• Shachar, Hanna 101
    • Shears Green Primary School, 30, 60
    • Shepard, Lorrie 144
    • Shuell, Thomas 89
    • Simons, P 71
    • Singapore Ministry of Education, 18
    • Smith, Mary 149
    • Starnes, Bobby 106, 116, 149
    • Staub, Fritz 81
    • Stefani, Lorraine 148
    • Stefanou, Candice 110
    • Sternberg, Robert 19
    • Stigler, James 20
    • Stobart, Gordon 44, 48
    • Sullivan, John 17, 42
    • Thomas, Gregory 35, 130
    • Tiessen, Esther 88
    • Timbrell, Kirsten 99
    • Troia, G 113
    • Turner, Justine 62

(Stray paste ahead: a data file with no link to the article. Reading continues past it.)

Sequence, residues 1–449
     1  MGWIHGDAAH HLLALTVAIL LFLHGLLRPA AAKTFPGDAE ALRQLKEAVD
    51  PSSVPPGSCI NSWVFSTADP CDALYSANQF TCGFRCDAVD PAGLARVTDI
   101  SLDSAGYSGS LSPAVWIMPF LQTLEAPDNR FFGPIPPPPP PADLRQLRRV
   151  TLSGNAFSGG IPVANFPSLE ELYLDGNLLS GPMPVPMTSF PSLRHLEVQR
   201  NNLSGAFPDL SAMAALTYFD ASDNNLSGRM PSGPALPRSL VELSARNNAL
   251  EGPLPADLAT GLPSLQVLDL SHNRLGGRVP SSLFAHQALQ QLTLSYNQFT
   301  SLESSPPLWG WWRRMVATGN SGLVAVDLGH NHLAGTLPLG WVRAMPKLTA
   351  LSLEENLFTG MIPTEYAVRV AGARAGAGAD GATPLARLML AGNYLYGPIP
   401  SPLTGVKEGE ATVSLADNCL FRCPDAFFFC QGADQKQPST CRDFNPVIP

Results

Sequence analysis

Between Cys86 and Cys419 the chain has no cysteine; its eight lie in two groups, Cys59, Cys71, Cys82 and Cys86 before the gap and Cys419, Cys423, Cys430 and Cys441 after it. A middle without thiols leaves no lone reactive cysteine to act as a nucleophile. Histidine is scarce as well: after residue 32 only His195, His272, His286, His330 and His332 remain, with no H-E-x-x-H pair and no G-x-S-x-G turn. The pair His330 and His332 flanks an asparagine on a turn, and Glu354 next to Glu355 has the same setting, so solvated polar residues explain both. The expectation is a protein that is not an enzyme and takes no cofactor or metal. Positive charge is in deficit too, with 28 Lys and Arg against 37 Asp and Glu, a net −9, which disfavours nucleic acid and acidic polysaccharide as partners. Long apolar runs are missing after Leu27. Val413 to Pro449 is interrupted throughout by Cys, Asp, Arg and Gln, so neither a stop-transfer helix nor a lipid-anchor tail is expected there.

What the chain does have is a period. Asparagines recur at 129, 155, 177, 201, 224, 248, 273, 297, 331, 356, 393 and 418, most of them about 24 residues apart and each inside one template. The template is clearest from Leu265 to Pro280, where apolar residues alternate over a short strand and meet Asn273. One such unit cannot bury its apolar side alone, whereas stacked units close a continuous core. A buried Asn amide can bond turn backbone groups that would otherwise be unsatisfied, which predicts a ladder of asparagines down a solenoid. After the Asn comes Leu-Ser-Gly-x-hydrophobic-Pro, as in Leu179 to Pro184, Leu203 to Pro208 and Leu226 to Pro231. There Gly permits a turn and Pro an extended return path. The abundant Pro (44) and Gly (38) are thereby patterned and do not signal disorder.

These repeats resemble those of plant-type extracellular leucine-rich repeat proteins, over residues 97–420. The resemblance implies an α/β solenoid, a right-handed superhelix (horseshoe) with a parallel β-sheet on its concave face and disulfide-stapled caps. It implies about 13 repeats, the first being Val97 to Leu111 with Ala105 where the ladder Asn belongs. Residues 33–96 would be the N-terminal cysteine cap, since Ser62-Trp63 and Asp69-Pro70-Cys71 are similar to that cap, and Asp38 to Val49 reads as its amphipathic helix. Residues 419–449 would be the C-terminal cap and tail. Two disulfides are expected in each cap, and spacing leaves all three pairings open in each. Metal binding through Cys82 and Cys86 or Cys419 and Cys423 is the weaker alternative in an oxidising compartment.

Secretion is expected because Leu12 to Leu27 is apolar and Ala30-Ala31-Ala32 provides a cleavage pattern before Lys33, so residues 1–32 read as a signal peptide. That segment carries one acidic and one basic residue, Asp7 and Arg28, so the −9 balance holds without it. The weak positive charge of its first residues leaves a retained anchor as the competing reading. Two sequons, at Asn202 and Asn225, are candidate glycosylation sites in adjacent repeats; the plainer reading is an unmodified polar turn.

• Upton Infants School, 62
    • Vallerand, Robert 117
    • Vasconcelos, Teresa 15
    • Vogel, Nancy 77
    • Vygotsky, Lev 89
    • Vyners School, 58
    • Wagner, Patsy 169
    • Wallace, Belle 30
    • Watkins, 18, 25, 36, 46, 51, 59, 100, 107, 123, 125, 127, 137, 168
    • Webb, Noreen 73, 102
    • Weber, Sandra 28
    • Weimer, Maryellen 19, 44, 55, 161
    • Weinberger, Elizabeth 117
    • Wheelock, Anne 143
    • Whicker, Kristina 99
    • White, Michael 119
    • White, Richard 84
    • Wiliam, Dylan 41
    • Williams, Emma 11, 134
    • Wolters, Christopher 138
    • Woodhead, Chris 7
    • Wrigley, Terry 25
    • Yair, Gad 115